Grantsville Utah Real Estate Lawyer Free Consultation

When you need legal help with a real estate matter in Grantsville Utah, please call Ascent Law for your free consultation (801) 676-5506. We want to help you.

Michael R. Anderson, JD

Ascent Law LLC
8833 S. Redwood Road, Suite C
West Jordan, Utah
84088 United States

Telephone: (801) 676-5506

Ascent Law LLC

4.9 stars – based on 67 reviews

Recent Posts

Corporate Lawyer American Fork Utah

Can A Wife Claim Her Husband’s Property In Divorce?

What Is An Agent For Service Of Process?

Successful Divorce

How To Administer An Estate

Is There An Inheritance Tax In Utah?

How Can I Get My House Back After Foreclosure?

How Can I Get My House Back After Foreclosure

You can’t get your house back if it’s been foreclosed on. It’s too late. So before that happens, call a competent attorney to help you.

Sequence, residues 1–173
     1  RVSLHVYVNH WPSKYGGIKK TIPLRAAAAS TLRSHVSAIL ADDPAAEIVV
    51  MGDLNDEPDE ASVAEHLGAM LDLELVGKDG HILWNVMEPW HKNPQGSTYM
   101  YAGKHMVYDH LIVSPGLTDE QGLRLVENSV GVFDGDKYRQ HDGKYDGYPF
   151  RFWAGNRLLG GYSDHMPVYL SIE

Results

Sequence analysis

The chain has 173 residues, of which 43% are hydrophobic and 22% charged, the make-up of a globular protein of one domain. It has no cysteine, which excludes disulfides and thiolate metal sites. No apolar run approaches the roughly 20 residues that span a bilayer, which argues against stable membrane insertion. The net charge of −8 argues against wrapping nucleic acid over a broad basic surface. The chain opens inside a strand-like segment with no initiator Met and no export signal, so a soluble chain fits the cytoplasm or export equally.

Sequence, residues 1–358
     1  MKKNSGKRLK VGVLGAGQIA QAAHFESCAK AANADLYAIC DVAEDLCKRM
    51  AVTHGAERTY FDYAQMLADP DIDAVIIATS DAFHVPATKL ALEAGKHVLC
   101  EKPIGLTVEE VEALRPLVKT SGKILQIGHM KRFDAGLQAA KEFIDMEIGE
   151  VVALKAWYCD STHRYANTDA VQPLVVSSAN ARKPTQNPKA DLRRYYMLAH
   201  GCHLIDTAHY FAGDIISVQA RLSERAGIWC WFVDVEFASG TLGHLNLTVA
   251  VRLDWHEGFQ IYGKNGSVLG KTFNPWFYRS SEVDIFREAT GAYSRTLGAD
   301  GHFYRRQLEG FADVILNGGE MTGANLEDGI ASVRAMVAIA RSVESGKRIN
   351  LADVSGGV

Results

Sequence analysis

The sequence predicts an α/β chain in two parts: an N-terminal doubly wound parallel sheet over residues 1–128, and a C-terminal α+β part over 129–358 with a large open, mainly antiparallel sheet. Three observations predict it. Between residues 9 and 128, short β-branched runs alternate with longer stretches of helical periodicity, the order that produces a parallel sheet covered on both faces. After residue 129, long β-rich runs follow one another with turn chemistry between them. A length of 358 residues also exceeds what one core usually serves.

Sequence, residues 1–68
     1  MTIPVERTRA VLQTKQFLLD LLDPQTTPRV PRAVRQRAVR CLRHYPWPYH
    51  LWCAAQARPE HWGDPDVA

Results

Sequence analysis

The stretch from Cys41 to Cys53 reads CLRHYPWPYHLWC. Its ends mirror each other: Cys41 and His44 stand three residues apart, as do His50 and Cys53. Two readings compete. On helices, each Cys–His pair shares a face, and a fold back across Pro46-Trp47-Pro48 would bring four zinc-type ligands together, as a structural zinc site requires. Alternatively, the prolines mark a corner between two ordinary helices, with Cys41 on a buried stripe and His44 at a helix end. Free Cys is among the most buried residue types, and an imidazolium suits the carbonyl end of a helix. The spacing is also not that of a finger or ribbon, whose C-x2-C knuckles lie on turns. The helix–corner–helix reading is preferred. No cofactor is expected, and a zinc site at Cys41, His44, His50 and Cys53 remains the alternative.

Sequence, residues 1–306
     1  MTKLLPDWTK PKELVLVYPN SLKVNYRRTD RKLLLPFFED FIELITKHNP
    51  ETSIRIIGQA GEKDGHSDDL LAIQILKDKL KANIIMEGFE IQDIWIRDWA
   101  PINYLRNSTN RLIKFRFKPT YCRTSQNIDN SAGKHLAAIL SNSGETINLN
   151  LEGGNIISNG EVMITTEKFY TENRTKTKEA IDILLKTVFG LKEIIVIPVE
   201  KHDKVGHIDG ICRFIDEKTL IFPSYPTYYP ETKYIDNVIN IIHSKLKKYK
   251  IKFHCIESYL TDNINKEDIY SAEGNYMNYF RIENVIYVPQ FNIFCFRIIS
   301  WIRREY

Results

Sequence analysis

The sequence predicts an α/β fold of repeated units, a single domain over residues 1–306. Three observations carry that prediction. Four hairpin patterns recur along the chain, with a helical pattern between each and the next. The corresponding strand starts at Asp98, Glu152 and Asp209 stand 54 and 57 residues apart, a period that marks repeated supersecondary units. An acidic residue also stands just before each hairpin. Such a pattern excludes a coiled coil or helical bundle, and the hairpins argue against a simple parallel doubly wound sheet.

The common belief of most house owners facing foreclosure due to the inability to pay the balance of their outstanding debt on time is that they only have a limited time to be able to save their homes. Once the property has been seized by the creditor or the financial institution, they would not be able to get their homes back since this would then be sold for the creditor to liquidate the property and thereby use the money to pay off the existing debt with them. Several people have gone through foreclosure and have been able to get their homes after it has been seized by the creditor or financial institution.

Reclaiming your house after foreclosure is not a walk in the park, but it does provide some hope yet for many house owners who have lost their homes this way. If you’re one of the thousands who have lost their homes as a result of foreclosure, here are just some of the necessary steps you would need to take.